The reMarkable - It's Pros, Cons and What about an iPad?

When I started thumbing through Facebook about 7 months ago, I began to see adds in my feed for a weird writing tablet. After seeing it enough times, I decided to Google it. What was this product? The reMarkable (rM). I looked at the reviews, I checked YouTube for unboxings and more.

I liked what I saw. Read the first post about the reMarkable Here.

In the original piece I mentioned the issue of price. The price tag. Of course we all complain about price. Price is a huge factor for me and many others.The reMarkable's only real competitor is the MobiScribe. The MobiScribe is much smaller, has a remapped software version that isn’t as intuitive, has more functionality, and a backlight (something reMarkable does NOT have.) The benefits of the reMarkable however still blow the MobiScribe out of the water. So, because of this...they own the market and can honestly charge whatever they want.

I can also speak to something else in relation to the reMarkable price. Over $150 of the product price pays for the VAT international shipping cost through DHL.

For many reading this, the cost is more than an iPad...and the iPad does so much more. But that’s the catch. The iPad is a wonderful diverse piece of hardware. The reMarkable is a wonderful singular piece of hardware that actually beats the iPad hands down in what it does - Don't believe me? Watch the guys from Macworld...

Many people see me writing on my rM tablet and ask about it. At first, they are astounded by how lightweight it is. Then I let them write with it. “Wow.” is what I always hear. And those people are correct. “Wow.” is what it is.

When I originally purchased the rM tablet, I said to myself, “ we go. No more paper notebooks.” It hurt a little. I love pen and paper. I love journaling. It took a while to figure out the workflow, what I liked, what I didn’t, what I would really use it for. Below I outline in bullets just a few things to remember and in no particular order-- if you’re thinking about going to the rM tablet.
  • Establish that the rM tablet will be used for your business notes, scratch paper, meeting notes. Be okay with still having a paper journal on you in order to write down personal thoughts.
  •  Expect the nibs to wear out more the harder you press. You will need to buy replacements on a fairly regular basis. An alternative is the soft tip Staedtler Pencil-- you don't ever replace the tip. 
  • The rM has no backlight. This means, like pen and paper, you’ll need external light if you want to read anything on it. 
  • You can’t just flip the pen around and use the other end like an eraser. 
  • It doesn’t register your palms or fingers at all in terms of writing or making marks. Your fingers do however work as navigational tools when used as an e-reader, or navigating menus and selecting tools. 
  • Customer support is ahead of you by many hours. They’re in Oslo Norway. The emails you write them, will be responded to you in the wee hours of the morning. Unless you respond by 7:00 A.M., you're not likely to get another response before the end of your business day.
  • The customer support group on Facebook is a wonderful resource. Get on it.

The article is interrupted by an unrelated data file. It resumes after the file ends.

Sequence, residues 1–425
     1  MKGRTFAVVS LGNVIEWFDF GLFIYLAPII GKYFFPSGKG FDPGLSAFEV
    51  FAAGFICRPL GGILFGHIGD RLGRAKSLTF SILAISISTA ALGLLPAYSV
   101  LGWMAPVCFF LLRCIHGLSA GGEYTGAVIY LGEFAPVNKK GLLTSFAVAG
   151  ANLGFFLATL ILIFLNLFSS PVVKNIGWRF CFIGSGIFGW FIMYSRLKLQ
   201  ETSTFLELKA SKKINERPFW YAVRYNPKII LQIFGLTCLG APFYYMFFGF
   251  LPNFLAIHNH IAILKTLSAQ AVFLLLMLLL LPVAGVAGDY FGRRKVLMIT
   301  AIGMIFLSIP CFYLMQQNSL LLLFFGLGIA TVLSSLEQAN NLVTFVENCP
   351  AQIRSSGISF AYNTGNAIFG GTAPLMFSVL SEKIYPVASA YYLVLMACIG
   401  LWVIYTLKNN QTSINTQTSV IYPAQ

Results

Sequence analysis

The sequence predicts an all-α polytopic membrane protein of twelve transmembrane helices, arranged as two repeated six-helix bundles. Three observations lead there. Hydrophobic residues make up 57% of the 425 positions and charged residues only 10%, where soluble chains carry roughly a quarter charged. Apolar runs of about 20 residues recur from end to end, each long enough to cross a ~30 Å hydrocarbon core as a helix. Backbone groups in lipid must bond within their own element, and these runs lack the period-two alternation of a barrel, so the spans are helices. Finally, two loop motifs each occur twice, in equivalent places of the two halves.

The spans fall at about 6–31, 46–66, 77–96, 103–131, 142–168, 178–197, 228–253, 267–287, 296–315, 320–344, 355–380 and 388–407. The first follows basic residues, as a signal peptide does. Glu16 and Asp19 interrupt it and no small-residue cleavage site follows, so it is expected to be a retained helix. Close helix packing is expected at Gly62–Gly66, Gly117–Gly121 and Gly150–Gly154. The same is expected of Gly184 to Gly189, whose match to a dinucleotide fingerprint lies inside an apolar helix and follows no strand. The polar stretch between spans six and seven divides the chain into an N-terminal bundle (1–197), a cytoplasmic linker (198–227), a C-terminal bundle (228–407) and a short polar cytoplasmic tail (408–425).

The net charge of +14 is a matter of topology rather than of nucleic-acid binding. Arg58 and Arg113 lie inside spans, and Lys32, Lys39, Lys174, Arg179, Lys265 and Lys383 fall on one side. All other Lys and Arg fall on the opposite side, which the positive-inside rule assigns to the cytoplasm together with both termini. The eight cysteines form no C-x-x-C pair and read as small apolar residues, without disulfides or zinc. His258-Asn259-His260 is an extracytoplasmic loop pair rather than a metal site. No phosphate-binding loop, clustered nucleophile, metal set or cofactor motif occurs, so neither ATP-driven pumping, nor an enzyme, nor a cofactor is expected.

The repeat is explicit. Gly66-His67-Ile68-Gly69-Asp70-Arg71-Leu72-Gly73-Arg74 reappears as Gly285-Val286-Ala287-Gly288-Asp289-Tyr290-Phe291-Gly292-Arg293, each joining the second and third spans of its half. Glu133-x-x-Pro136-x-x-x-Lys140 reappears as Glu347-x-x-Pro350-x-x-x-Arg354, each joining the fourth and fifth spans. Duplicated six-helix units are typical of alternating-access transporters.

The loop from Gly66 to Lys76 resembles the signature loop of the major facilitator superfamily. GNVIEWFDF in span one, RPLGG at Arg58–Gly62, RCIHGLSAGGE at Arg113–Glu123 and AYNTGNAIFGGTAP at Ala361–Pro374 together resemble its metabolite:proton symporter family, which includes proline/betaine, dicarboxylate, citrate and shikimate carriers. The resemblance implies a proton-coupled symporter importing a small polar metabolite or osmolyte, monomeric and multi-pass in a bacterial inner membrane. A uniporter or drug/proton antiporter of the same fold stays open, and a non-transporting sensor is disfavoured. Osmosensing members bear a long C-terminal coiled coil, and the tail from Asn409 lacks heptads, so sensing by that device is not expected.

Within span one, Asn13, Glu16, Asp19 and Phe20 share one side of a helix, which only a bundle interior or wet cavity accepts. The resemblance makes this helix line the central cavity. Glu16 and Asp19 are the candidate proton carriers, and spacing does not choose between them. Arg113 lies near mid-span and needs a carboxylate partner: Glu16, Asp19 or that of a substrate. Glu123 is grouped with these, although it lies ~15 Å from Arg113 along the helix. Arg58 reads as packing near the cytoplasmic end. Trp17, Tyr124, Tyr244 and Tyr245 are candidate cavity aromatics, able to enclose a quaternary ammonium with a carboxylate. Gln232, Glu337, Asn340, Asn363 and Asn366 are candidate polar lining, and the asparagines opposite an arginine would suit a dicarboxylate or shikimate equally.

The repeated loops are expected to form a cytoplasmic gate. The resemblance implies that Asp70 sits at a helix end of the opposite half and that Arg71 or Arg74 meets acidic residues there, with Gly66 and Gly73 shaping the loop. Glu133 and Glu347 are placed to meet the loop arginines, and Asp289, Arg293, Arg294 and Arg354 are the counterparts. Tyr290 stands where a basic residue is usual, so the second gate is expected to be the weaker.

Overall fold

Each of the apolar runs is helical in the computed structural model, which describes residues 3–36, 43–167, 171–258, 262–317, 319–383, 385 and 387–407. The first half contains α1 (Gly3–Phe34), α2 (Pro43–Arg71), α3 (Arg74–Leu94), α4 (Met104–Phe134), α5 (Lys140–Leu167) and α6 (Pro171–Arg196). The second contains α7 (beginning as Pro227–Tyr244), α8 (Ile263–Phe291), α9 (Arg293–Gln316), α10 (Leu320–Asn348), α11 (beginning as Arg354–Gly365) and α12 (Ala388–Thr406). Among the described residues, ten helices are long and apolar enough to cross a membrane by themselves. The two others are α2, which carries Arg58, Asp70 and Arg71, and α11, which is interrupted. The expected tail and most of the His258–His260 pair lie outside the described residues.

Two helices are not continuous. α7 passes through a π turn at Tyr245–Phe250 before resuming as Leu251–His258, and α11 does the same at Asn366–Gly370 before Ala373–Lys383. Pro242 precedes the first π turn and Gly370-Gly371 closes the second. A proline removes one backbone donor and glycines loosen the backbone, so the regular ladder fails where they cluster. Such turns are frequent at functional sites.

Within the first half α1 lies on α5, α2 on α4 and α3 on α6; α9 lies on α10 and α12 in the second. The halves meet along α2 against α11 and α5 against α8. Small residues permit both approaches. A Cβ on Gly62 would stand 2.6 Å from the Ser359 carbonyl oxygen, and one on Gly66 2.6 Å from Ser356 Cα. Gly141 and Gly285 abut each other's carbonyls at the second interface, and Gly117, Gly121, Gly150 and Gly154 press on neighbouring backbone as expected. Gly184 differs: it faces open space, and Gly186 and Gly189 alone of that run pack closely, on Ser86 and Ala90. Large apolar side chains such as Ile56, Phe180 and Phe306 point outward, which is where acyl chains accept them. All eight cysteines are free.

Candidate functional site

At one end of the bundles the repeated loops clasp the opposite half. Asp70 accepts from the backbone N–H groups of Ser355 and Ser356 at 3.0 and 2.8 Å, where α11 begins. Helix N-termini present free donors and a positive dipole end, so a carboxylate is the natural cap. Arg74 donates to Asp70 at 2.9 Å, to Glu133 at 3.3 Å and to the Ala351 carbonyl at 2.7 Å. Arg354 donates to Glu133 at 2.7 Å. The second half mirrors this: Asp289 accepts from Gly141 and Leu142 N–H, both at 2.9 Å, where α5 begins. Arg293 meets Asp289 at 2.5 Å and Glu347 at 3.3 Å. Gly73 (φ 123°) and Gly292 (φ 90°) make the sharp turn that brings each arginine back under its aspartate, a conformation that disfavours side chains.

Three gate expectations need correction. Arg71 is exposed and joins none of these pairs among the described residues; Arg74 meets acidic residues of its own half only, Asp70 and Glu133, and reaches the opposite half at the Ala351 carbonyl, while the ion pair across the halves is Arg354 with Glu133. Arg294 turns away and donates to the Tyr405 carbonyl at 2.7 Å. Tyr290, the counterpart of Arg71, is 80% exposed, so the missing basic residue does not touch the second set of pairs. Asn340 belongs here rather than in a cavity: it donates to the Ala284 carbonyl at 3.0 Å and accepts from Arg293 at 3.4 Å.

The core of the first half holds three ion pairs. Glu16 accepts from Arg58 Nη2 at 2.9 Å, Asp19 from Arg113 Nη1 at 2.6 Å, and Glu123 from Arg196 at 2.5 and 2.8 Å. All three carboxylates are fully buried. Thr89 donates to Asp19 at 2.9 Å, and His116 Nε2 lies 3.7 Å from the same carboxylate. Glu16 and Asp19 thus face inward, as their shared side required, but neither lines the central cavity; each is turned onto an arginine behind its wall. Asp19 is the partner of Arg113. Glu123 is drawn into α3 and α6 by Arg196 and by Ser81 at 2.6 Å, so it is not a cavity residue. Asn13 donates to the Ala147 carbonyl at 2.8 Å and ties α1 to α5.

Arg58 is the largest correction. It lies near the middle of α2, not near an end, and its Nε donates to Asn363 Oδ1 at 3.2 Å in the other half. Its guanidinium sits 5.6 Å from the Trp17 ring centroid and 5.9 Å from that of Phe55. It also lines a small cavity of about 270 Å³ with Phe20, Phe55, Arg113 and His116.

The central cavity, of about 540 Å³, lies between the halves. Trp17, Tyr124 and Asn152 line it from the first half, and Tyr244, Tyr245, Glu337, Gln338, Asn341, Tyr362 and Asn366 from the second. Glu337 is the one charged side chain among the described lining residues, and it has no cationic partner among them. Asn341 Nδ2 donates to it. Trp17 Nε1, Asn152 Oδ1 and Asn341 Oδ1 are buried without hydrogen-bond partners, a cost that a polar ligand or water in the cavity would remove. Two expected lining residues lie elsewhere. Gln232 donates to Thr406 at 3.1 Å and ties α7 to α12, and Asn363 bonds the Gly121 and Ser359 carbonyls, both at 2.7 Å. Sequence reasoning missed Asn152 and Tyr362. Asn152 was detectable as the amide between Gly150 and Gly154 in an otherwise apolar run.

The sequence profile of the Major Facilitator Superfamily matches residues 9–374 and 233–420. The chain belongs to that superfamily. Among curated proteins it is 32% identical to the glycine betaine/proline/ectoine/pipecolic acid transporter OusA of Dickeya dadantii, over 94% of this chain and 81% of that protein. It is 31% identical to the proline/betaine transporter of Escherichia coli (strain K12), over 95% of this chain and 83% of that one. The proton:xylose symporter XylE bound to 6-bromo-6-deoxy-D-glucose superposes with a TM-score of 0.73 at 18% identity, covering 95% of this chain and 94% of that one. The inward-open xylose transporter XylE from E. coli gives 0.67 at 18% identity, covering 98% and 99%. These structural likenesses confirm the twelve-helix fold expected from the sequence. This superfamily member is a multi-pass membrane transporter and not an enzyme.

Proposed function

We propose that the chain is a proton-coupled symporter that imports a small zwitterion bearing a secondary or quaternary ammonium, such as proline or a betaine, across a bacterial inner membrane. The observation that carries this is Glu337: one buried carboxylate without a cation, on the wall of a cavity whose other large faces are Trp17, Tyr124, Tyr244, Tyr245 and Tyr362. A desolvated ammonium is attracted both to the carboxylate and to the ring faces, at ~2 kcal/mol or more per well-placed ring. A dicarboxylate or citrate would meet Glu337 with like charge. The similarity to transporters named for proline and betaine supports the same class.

• The syncing works through a wifi enabled connection and connects only to the rM cloud service (which is always free forever for rM customers). Also, your notes are not sent to OneNote, or Google Drive or anywhere else. So if this is a deal breaker for you, you should know this now. That said, rM recently sent out a survey which asked if we wanted those features. So maybe they'll be available in a future software update. 
  • You can write in regular characters and it will change it to typed format which you can email. This is a “beta” feature, which is an excuse we all use for saying, “perfect results are not always guaranteed.” Be okay with this.
  • Be aware that you can buy a textured screen protector for your iPad, which will make it kind of feel more like the rM tablet (paper). 
  • There is NO EMAIL, NO CALCULATOR, NO NOTHING on the rM tablet. It’s for taking notes and reading. And reading only so far as you want to take notes on the pages. Remember what this is for and you won’t be disappointed. 
  • Updates are sporadic. rM makes a big deal announcement updates to us, the customers. Sometimes those updates take a while to get. We have to be patient. In addition, it seems as though the updates we get enhance the functionality of the physical products we own, for free. What I mean is, for example--two updates ago, we received an update that increased the sensitivity and functionality of the rM pen...without having to buy upgraded hardware, there was new functionality. This is insane in today’s world. Rarely is something built to specifications beyond what is currently available, and that can be activated when technology catches up to the hardware already in use. The life cycle of the rM tablet is pretty rad. 
So, should you get an iPad or an rM? It’s up to you. If you like distraction free, lightweight and controlled’s all about the rM. If you want the bells and whistles, iPad. To be sure, my “Official” computer work flow tools involve the following:
  • rM tablet
  • Dell XPS 13”
  • Intuous Wacom Tablet
  • Seagate 3Tb USB 3.0 HDD
On occasion, I pull out my journal to write down important thoughts and revelations. On occasion, I pack my iMac Pro instead of the Dell XPS, and on occasion I use my iPad Pro. The point is, tools are great.

Go talk to your mechanic friend and ask them about the tools they have. Ask them about making the final payment to their Snap-on tool chest. The point I’m making is that tools are expensive. Using the right one for the right job is crucial.

Do I recommend the rM tablet? Absolutely.

Best wishes,